... fifteenth century. So the Buda MS., believed by Justus Lipsius to be as ancient as the Second Florence (which he thought with the Benedictines was of the tenth or eleventh century) was considered by James Gronovius to be very modern; and very modern it is, being traceable to a little after the same period as the Second Florence, namely, the fifteenth century. The First Florence, which was stated to have been found in the Abbey of Corvey, and which furnished the opening ...
— Tacitus and Bracciolini - The Annals Forged in the XVth Century • John Wilson Ross

... James Heriot Walkingshaw, but it had been early recognized that "James" was too brief a designation and "Jimmie" too trivial for one of his parts and presence, and so he was universally known as Heriot Walkingshaw. His antecedents were as respectable ...
— The Prodigal Father • J. Storer Clouston

... him (Henry) to-day. Your letter was sent to Eton Corner, and Henry sent it on to me enclosed in a note, to the effect that he liked the work immensely, and would write on Sunday. Just received two more letters from you. I was awfully sorry to hear about poor Uncle James. My god-father, wasn't he? Poor fellow! He was always honour itself, and would spend his last dollar in paying a lawyer to give his property to somebody else if he thought it belonged to them, in moral justice. Well, I am very sorry to hear ...
— Canada for Gentlemen • James Seton Cockburn

... whereof the Count of Flanders and his sons had been the victims." There were causes, however, for this new turn of events of a more general and more profound character than the personal woes of Flemish princes. James de Chiltillon, the governor assigned by Philip the Handsome to Flanders, was a greedy oppressor of it; the municipal authorities whom the victories or the gold of Philip had demoralized became the objects of popular hatred; and there was an outburst of violent ...
— A Popular History of France From The Earliest Times - Volume II. of VI. • Francois Pierre Guillaume Guizot

... young are as ignorant themselves of psychology and physiology. Indeed, those who are speaking belatedly of the need of "sexual hygiene" seem to be unaware that they themselves are most in need of it. "We must give up the futile attempt to keep young people in the dark," cries Rev. James Marchant in "Birth-Rate and Empire," "and the assumption that they are ignorant of notorious facts. We cannot, if we would, stop the spread of sexual knowledge; and if we could do so, we would only make matters infinitely worse. This is the second decade of the twentieth century, ...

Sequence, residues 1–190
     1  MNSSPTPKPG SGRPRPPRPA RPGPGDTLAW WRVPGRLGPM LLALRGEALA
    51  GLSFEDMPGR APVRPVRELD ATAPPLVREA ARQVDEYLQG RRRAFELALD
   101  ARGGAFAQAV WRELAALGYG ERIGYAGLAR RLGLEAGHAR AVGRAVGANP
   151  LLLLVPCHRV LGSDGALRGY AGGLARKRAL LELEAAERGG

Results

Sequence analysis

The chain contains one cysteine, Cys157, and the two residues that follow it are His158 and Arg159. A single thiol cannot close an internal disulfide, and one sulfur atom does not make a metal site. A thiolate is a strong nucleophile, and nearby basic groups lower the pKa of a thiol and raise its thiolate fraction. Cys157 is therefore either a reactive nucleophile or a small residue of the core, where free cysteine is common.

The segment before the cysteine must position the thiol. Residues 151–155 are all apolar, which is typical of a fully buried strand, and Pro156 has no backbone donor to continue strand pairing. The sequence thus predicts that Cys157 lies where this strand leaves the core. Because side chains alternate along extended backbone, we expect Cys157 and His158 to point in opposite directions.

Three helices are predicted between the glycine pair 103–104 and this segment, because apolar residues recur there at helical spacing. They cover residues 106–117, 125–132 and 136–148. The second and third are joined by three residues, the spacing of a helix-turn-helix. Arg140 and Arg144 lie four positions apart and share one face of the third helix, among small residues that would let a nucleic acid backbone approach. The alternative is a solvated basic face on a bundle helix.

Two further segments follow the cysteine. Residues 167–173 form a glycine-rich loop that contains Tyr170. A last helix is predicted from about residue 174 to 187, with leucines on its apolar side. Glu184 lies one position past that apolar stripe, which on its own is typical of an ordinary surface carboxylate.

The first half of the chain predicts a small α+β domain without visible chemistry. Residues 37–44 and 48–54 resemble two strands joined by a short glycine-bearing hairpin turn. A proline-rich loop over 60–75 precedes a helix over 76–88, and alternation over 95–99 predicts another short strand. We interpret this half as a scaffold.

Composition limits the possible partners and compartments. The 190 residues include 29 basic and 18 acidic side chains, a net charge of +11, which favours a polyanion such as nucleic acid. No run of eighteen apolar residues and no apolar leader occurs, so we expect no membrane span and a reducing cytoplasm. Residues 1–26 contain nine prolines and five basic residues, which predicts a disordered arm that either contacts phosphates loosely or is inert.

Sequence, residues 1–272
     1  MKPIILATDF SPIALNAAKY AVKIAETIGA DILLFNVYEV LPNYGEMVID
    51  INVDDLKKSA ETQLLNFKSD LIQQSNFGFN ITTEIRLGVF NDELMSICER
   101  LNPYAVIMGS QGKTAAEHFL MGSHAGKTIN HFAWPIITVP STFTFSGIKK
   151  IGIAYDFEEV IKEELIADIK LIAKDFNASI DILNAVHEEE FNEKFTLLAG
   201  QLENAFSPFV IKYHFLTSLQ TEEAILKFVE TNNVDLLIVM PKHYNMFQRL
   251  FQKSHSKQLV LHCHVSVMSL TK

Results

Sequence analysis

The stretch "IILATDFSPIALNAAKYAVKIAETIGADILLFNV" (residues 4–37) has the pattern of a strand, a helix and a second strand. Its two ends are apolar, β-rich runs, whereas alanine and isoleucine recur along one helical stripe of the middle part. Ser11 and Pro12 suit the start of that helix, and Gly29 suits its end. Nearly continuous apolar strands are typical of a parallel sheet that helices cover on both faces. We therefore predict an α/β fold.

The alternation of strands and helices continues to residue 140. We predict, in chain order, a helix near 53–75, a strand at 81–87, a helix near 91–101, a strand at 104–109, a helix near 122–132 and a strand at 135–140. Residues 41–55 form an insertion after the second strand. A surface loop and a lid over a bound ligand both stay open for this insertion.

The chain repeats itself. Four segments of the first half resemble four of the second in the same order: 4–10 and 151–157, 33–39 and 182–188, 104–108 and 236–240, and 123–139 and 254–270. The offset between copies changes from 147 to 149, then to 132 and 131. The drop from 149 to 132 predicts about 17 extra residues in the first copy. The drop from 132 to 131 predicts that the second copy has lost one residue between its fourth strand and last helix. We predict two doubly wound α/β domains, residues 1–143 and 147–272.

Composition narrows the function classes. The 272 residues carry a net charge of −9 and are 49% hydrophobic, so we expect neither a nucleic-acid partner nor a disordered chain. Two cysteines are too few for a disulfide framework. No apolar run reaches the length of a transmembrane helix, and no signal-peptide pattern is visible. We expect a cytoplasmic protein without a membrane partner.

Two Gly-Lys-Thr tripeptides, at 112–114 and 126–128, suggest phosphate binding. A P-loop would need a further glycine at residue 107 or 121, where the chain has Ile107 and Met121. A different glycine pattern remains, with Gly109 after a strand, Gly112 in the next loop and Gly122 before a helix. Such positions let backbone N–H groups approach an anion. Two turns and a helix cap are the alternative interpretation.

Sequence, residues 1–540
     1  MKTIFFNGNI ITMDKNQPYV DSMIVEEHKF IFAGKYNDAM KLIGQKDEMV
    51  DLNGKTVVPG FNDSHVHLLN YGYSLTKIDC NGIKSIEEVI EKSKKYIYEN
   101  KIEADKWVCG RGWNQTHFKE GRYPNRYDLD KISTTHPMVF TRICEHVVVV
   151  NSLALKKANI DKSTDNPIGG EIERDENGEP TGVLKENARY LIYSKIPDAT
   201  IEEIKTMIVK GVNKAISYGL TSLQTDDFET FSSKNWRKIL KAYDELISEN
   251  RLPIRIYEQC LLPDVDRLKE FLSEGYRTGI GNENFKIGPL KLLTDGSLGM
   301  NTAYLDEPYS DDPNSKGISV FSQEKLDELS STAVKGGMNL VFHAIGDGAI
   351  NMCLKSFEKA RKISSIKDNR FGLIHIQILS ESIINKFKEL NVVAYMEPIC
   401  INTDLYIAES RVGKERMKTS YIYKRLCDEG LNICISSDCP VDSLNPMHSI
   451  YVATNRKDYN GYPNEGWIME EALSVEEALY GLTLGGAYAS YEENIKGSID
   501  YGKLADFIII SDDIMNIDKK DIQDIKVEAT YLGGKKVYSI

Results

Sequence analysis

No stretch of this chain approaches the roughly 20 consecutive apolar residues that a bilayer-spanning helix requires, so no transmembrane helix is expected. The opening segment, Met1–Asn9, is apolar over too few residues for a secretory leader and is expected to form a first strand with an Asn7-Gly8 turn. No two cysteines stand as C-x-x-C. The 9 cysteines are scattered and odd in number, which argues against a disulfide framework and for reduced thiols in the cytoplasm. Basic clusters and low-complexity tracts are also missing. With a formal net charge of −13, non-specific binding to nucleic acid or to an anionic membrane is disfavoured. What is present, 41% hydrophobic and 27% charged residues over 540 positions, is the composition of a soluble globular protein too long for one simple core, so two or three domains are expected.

— The Pivot of Civilization • Margaret Sanger

... "Mr. James L. Hughes has just published a book that will rank as one of the finest appreciations of Dickens ever written."—Colorado ...
— Youth: Its Education, Regimen, and Hygiene • G. Stanley Hall

... applauded "reading," the speaker informed Miss James that she was thinking her lace collar was not loose behind. "Which was quite correct." As also was Mr. Storey's impression that there was not a long blond hair on his coat collar. "There ...
— The Young Railroaders - Tales of Adventure and Ingenuity • Francis Lovell Coombs

... interesting preacher. But here again Walter had no one to blame but himself that he did not feel well enough acquainted with this man to go to him with his personal religious questions. He had been to the church several times and he always liked the Rev. James Harris, but like so many students who are attendants and workers in their own churches, Walter on coming to Burrton had found it easy to lapse into lazy Sunday morning habits. After he had a late breakfast and read the Sunday morning Daily Megaphone, it was generally ...
— The High Calling • Charles M. Sheldon

... stood upon a chair, and looked out at the window, and he saw a dog lying on a bank on the other side of the road. Then a bad boy came that way and hit it with a stick. James could see the poor dog shiver with cold as he lay on the wet bank. James felt very sorry for him, and he said, "Why does not the dog go home, and lie down by the ...
— Pretty Tales for the Nursery • Isabel Thompson

... gravely, for that she, a noble maiden, could have dishonoured herself with a mere burgher's son, like his Johann, in whom even he, his own father, must say, there was nothing to tempt any girl. And now she knew the truth of those words of St. James: "Lust, when it hath conceived, bringeth forth sin; and sin, when it is ...
— Sidonia The Sorceress V1 • William Mienhold